Used any medication to quit (%)4428 (0.02)
Used nicotine patch (%)4325 (0.00)
Used bupropion (%)101 (0.00)
Used varenicline (%)3225
Cut back (%)4346
Quit with a friend (%)2013
Switched to lights (%)1813
Used print material (%)1416
Got help from the NYS Smokers' Quitline (%)119
Called by the NYS Smokers' Quitline (%)115 (0.09)
Counseling (%)93
Acupuncture (%)50 (0.02)
Switched to chew (%)24
Attended classes (%)31
Used NYS Smokers' Quitline website (%)24

Multivariate analysis predicting quit status at 6 months post‐hospital discharge included covariates controlling for age, sex, LOS, study group, and comorbidity. This analysis showed that patients with a cardiovascular discharge diagnosis were more likely to quit than patients who had other discharge diagnoses (odds ratio [OR], 3.02; 95% confidence interval [CI], 1.65.7; P = 0.00). Another statistically significant covariate in this model included sex (men were more likely to quit: OR, 0.61; 95% CI, 0.390.97; P = 0.04). Participating in the inpatient intervention group was marginally significant when controlling for these other variables (OR, 1.54; 95% CI, 0.982.45; P = 0.06). Hospital LOS, age, receipt of NRT in hospital, and the Elixhauser comorbidity index were not predictive of quit status at 6 months.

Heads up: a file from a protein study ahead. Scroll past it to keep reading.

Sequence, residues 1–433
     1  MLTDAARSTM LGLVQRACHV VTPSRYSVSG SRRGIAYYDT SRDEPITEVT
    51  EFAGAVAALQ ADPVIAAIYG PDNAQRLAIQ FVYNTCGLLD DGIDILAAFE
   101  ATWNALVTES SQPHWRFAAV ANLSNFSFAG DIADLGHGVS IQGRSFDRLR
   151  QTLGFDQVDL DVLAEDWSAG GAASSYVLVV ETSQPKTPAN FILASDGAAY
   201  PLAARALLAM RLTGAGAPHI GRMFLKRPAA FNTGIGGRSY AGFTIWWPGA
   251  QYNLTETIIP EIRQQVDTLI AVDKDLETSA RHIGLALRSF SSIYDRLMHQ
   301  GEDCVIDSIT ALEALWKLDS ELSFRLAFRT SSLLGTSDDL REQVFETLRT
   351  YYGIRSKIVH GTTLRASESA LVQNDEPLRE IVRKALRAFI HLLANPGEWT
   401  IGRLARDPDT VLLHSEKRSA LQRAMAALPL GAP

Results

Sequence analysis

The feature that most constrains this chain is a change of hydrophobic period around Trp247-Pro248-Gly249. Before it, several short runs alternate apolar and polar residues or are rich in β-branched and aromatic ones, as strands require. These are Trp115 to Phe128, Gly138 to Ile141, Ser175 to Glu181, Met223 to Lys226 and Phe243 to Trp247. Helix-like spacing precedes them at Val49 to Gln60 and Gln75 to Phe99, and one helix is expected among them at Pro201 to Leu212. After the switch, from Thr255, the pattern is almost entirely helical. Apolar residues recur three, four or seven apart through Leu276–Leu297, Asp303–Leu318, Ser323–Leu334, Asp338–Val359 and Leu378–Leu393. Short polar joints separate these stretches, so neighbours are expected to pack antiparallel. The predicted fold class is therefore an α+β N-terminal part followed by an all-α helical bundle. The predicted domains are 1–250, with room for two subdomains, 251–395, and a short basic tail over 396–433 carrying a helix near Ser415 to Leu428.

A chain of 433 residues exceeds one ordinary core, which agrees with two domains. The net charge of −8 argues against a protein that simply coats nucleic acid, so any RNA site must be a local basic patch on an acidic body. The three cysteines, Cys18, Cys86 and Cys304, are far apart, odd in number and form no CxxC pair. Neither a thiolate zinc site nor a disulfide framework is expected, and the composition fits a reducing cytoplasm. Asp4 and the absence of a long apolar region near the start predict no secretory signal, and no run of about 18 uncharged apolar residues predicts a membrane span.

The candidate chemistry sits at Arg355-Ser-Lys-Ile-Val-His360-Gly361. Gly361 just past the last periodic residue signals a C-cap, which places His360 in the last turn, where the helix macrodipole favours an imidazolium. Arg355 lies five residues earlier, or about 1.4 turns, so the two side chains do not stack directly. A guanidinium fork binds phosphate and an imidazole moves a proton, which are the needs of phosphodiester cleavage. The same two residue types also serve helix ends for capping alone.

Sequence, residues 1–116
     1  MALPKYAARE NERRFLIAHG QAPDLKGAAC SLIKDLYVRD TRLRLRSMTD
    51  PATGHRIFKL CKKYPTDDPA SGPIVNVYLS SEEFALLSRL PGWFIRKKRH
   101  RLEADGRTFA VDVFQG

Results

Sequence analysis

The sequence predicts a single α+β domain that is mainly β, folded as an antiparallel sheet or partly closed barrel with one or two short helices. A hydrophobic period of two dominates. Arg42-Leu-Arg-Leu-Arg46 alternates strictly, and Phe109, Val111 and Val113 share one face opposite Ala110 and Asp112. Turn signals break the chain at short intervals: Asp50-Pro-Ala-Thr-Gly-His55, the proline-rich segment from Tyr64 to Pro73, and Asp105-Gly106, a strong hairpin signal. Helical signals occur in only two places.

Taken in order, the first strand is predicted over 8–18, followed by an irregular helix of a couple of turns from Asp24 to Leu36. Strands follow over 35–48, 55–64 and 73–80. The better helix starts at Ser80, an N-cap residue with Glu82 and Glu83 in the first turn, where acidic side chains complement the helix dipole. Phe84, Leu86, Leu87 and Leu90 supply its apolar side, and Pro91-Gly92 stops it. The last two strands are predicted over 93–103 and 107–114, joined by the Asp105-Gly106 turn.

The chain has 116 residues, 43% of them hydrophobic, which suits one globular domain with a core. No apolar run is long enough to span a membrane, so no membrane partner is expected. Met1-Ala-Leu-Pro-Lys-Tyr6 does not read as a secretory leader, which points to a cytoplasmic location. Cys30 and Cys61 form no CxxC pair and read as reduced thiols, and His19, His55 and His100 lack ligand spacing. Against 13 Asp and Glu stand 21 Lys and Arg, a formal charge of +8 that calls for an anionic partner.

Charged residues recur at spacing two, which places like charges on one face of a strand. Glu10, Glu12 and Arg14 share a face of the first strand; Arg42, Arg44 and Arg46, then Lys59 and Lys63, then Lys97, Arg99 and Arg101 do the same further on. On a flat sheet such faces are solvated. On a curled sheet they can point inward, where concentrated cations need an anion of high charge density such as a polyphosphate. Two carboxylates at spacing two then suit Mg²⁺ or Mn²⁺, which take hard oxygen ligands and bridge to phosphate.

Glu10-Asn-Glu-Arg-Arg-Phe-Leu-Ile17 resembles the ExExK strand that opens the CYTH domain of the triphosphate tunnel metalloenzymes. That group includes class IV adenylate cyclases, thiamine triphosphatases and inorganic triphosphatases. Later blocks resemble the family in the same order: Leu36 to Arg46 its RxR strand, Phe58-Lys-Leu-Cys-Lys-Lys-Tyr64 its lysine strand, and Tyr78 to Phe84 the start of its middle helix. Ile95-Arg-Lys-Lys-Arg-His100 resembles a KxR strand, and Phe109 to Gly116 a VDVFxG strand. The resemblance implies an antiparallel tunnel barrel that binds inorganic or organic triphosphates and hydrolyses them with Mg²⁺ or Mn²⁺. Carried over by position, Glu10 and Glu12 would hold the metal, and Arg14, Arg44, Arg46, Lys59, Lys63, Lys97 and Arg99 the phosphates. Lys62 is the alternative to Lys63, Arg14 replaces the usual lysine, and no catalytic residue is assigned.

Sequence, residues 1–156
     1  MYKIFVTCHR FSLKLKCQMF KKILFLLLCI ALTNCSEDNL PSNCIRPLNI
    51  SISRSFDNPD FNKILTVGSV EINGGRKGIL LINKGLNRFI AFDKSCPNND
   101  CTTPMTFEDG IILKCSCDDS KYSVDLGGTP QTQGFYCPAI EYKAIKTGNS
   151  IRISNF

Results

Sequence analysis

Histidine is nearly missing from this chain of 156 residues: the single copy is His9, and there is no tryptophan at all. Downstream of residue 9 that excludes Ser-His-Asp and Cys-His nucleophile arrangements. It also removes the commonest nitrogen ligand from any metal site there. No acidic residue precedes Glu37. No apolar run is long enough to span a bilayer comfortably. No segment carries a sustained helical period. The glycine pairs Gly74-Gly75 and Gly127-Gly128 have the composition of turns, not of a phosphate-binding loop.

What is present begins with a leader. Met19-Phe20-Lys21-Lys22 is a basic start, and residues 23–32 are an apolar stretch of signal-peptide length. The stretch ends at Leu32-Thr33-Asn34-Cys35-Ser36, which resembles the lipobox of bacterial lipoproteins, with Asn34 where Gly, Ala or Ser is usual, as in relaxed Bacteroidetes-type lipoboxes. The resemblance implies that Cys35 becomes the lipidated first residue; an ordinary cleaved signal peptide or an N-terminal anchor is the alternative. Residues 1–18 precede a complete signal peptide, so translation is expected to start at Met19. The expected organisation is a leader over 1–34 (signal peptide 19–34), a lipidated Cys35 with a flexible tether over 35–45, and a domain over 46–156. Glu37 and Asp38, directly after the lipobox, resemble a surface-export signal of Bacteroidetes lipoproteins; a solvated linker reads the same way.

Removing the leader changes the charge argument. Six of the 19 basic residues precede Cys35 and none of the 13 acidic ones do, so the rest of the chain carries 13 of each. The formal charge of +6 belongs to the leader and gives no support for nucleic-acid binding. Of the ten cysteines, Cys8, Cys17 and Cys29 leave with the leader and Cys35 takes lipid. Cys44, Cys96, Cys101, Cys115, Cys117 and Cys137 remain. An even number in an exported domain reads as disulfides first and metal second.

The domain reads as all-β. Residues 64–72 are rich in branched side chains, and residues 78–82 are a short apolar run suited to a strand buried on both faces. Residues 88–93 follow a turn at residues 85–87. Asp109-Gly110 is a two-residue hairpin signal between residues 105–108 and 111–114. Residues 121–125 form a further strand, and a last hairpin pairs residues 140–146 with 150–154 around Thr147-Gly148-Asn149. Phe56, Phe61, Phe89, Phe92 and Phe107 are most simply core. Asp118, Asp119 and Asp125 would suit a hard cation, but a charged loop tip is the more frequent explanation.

Discussion

This study demonstrates how effective an inpatient smoking cessation program can be for increasing the success of quitting smoking after hospital discharge. At 6 months posthospital discharge, the intervention group had significantly higher intent to treat outcomes for point prevalence abstinence and quit status as well as lower crude and adjusted mortality than the comparison group.